Saturday, June 29, 2013

Edward Snowden’s fate remains in limbo — MSNBC

Edward Snowden’s fate remains in limbo — MSNBC

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Photos of Edward Snowden, a contractor at the National Security Agency (NSA), and U.S. President Barack Obama are printed on the front pages of local English and Chinese newspapers in Hong Kong in this illustration photo June 11, 2013. (REUTERS/Bobby Yip)
Photos of Edward Snowden, a contractor at the National Security Agency (NSA), and U.S. President Barack Obama are printed on the front pages of local English and Chinese newspapers in Hong Kong in this illustration photo June 11, 2013. (REUTERS/Bobby Yip)
Most frequent travelers tend to rush through airports, but Edward Snowden is a man without a plan as he waits for geopolitical forces to decide his fate—the former National Security Agency contractor is believed to have spent the past week in the international transit zone of Moscow’s Sheremetyevo Airport.
Snowden, who was charged last week with espionage, has been on the run after being holed up in Hong Kong for blowing the lid on the United States’ surveillance secrets. The 30-year-old American flew to Moscow last Sunday, and was supposed to seek asylum in Ecuador by way of Cuba the following day, but he never made his flight.
Russian President Vladimir Putin on Tuesday said Snowden would not be extradited back to the U.S. and that the airport’s transit zone is technically not Russian territory. But such claims of an airport “no-man’s land” are “more than disingenuous,” says Washington Post reporter Greg Miller.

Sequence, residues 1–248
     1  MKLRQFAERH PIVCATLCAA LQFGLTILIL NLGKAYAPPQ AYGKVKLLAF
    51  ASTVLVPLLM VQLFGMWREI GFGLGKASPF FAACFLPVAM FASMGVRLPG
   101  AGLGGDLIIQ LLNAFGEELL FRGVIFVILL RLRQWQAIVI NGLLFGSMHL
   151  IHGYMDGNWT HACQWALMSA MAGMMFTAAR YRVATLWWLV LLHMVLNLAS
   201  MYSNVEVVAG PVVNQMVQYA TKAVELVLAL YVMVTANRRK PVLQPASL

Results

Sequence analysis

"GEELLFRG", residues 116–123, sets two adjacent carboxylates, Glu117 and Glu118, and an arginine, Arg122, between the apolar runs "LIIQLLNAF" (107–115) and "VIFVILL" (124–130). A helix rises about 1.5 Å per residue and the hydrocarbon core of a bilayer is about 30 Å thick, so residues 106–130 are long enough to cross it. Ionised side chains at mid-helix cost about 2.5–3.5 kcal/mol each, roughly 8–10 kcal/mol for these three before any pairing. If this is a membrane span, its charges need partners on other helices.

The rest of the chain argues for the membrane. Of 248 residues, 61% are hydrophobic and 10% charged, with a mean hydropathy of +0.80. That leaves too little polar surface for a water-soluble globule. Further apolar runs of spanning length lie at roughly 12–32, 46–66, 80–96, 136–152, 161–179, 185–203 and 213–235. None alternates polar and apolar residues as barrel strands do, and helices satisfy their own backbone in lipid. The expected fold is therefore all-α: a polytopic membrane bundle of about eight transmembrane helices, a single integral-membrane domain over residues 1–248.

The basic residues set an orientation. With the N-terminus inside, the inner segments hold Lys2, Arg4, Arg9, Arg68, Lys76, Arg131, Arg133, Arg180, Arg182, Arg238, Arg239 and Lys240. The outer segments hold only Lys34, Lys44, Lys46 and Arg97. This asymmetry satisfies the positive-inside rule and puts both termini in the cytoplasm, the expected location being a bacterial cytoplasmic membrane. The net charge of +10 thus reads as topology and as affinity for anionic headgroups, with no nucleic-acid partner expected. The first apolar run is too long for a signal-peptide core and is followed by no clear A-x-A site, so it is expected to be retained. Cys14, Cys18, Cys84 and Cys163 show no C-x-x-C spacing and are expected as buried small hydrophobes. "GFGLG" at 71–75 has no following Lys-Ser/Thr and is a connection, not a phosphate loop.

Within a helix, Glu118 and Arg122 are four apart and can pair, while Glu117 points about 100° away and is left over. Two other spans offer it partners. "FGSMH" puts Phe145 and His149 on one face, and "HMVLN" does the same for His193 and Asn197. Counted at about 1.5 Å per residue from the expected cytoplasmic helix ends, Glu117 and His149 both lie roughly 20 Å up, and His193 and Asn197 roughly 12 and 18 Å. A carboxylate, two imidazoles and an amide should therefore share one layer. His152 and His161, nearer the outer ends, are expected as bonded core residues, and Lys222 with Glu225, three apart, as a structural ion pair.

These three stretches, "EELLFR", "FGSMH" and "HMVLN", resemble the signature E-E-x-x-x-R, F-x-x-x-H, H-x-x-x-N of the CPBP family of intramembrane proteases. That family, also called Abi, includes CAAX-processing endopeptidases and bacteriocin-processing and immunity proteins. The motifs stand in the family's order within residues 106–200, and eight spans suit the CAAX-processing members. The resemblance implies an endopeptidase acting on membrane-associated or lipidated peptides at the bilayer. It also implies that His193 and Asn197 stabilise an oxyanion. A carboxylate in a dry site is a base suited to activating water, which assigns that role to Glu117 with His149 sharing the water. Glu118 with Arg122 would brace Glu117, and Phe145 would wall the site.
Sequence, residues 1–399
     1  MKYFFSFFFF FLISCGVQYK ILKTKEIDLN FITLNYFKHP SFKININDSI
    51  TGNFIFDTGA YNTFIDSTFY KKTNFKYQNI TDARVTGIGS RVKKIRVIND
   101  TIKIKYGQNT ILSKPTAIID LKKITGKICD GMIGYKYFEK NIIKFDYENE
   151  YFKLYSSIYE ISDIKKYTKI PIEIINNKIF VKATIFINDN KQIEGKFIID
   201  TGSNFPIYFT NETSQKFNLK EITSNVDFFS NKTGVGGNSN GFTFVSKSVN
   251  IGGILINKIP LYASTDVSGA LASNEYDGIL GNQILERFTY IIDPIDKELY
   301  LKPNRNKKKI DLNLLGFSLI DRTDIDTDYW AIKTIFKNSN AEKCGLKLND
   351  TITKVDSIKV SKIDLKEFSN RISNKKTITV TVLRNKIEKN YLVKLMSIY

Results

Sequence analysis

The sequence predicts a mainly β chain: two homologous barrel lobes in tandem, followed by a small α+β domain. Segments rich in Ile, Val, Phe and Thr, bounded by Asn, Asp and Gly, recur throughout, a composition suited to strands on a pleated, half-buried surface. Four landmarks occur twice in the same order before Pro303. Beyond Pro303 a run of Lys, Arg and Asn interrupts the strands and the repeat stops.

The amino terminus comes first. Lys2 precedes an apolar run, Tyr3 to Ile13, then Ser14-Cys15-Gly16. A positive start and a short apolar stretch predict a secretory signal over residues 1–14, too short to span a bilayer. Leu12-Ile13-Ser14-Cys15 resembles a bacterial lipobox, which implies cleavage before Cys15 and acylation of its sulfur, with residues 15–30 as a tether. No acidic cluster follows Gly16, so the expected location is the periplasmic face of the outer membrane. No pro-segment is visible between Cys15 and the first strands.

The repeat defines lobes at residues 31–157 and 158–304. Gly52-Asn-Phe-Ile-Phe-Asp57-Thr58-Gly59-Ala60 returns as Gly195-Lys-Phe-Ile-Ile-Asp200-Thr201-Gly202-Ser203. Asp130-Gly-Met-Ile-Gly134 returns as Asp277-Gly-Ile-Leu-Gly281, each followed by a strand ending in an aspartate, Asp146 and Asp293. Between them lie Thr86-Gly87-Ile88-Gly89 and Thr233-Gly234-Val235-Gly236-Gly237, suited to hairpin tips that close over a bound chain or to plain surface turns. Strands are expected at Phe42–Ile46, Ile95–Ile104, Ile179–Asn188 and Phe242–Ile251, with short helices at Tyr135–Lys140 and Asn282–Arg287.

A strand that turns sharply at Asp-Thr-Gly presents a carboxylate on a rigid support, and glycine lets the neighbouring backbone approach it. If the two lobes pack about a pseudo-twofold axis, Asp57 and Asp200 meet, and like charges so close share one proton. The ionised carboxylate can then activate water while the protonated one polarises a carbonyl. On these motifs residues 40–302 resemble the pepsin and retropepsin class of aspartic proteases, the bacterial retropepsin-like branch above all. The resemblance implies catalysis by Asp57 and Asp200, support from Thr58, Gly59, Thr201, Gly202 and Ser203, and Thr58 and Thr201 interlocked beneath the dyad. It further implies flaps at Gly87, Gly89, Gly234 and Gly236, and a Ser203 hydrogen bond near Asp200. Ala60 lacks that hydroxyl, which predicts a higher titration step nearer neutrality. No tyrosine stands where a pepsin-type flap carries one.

“What’s unclear is the extent to which Snowden is in position to dictate his own fate—to what extent he can control the outcome here,” Miller told MSNBC host Richard Lui Saturday.
Snowden’s father, Lonnie Snowden, wrote a letter to the Department of Justice pleading and negotiating for his son’s return. In the letter Lonnie asked that his son not be held in jail before trial, not have a gag order, and be given the right to choose the location of his trial. But according to former Assistant Secretary of State for Public Affairs PJ Crowley, the chances that the U.S. government would follow through on those requests are slim.
“Snowden at one point had his own options, but now I think they’re narrowing,” Crowley said. “He is sitting at the airport in Russia at the behest of others who will make choices for him.”
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Edward Snowden may be the last of the human spies | Christopher Steiner | Comment is free

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Automated computer surveillance
'Edward Snowden and the teams of analysts at the NSA, CIA and GCHQ who sit in front of our stores of electronic intelligence will hardly be necessary in 15 years.' Photograph: Colin Anderson/Getty
Kurt Vonnegut once opined: "Human beings are chimpanzees who get crazy drunk on power." That power corrupts is hardly debatable. For that reason, the evolution of espionage has run in parallel with the development of organised tribes of human beings that we now refer to as countries.
Human nature makes it predictable that organisations such as the NSA would be cataloguing phone calls and other electronic interactions between humans. But Edward Snowden's revelations also tell us how far electronic snooping has yet to go. While the din of outrage still resonates, we should be thankful that Snowden – a human being – actually exists. In the future, the world may never be alerted to such breaches of privacy because there will be no humans involved in spying at all. Just asalgorithms have conquered our stock markets and our musical tastes, so too will they conquer surveillance. Even the most human of tasks, snooping, will become the province of the bots.